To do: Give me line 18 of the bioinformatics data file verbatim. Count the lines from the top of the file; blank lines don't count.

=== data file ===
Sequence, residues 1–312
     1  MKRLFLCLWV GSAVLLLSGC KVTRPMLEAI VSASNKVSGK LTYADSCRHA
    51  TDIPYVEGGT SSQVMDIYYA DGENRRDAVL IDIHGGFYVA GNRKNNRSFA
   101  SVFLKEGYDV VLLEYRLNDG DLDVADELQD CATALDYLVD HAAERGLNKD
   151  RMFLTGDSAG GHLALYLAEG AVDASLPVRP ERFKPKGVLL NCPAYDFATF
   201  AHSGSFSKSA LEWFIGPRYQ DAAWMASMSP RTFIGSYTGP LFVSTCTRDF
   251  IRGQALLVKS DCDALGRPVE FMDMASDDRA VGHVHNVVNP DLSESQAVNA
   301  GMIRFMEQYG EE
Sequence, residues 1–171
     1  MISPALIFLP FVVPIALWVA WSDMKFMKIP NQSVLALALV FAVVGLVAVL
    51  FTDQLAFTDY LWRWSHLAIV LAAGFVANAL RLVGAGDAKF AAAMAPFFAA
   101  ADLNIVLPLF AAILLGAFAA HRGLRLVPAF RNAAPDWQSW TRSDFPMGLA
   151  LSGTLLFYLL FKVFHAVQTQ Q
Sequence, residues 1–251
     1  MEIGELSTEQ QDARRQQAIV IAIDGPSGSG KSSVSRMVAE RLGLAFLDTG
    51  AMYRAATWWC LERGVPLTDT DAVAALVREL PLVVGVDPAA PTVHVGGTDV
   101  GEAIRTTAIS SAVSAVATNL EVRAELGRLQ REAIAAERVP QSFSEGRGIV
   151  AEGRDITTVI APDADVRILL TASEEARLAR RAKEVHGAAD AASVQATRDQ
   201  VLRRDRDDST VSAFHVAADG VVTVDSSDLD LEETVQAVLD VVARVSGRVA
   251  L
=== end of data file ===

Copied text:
   151  AEGRDITTVI APDADVRILL TASEEARLAR RAKEVHGAAD AASVQATRDQ